Credit Dave Campbell CC BY-NC-ND 2.0

Splashes of green amongst the gloom: This year’s environmental victories for Scotland

For many of us, 2016 seemed like a particularly tough year. It brought some major environmental setbacks, culminating in the election of a new US president with an extremely regressive environmental agenda. However, this year was not all doom and gloom for the environment…

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Where your money goes: BP, corruption, spills, and “gross negligence”

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Divest and reinvest: 6 local governments that are innovating for sustainability

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Volveremos: we’re back!

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Nuclear power, still no thanks

I grew up in Devon and my father fought against the proposed new nuclear reactor at Hinkley Point in neighbouring Somerset, including attending the lengthy public inquiry in the late 1980s. Sadly, the government learnt from this experience and made sure the more recent public inquiry wasn’t allowed to talk about big issues like whether we actually need new nuclear reactors.

Nuclear is the ultimate unsustainable form of energy, leaving wastes which are dangerous for a thousand generations to come. During the first Hinkley inquiry I saw a poster stating ‘If the Romans had had nuclear reactors, we’d still be guarding the waste.’ I thought this was a great way to bring home the absurdity of nuclear. It was only later that I realised that of course the poster should really have said Cro-Magnon Man instead of the Romans, since we’ll need to be guarding that waste not for 2,000 years but for 25,000 years.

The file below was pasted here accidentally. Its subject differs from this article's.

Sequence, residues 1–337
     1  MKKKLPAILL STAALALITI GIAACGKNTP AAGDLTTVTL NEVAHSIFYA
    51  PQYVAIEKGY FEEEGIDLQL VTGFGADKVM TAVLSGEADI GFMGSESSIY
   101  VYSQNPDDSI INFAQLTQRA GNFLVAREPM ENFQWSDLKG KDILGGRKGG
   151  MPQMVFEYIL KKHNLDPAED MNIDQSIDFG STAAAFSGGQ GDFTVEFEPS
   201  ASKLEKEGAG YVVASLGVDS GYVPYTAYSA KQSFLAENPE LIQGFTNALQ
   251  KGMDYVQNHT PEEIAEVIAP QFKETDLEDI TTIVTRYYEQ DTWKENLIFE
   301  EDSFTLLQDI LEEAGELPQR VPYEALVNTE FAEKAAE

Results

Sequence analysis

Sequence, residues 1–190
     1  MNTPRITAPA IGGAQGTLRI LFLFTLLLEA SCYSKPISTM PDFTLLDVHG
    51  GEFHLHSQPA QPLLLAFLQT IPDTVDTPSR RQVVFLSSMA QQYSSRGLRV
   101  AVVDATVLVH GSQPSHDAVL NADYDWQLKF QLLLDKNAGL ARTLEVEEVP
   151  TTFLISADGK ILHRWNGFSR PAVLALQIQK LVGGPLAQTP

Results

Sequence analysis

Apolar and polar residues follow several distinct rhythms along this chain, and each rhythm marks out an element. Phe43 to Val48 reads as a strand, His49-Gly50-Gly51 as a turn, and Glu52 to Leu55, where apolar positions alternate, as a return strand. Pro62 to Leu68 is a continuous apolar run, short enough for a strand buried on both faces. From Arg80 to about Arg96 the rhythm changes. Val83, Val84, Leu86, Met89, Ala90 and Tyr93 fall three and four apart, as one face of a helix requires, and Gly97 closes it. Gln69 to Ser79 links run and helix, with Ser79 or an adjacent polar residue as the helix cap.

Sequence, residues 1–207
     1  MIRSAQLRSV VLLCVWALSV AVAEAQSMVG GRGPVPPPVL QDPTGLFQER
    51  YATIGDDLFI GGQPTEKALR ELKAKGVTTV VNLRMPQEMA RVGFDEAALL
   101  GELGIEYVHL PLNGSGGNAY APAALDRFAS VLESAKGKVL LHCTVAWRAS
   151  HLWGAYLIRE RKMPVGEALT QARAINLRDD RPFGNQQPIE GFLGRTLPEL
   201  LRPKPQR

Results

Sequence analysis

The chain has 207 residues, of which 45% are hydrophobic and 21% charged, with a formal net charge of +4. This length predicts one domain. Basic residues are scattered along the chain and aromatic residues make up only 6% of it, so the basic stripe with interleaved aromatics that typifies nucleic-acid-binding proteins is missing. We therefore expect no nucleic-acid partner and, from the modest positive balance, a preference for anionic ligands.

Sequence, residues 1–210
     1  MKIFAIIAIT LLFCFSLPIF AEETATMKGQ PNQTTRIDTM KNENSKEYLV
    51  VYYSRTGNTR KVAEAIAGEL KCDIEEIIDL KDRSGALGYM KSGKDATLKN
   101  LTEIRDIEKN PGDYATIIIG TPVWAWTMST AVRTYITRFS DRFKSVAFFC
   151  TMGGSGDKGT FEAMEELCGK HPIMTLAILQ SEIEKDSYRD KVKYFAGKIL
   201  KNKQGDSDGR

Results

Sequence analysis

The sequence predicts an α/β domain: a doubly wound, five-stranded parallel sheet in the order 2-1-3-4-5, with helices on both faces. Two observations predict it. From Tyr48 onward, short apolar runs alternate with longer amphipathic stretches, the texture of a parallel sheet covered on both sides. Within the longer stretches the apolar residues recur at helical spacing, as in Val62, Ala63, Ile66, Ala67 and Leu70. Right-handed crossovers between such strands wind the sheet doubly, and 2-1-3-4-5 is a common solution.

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Reaction to RBS Sustainability Report: ‘Deliberate Manipulation of the Truth’

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The Hunterston coal power proposal and access to environmental justice in Scotland

The Hunterston case was brought by Marco McGinty, a bird-watcher from Largs who visits the site on an almost daily basis. With the support from a number of NGOs, including Friends of the Earth Scotland, the local community and a solicitor called Frances McCArtney, Marco lodged a judicial review in September 2009 against the Scottish Government over the inclusion of Hunterston in the second National Planning Framework.

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The ghost of nuclear past

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One week in post

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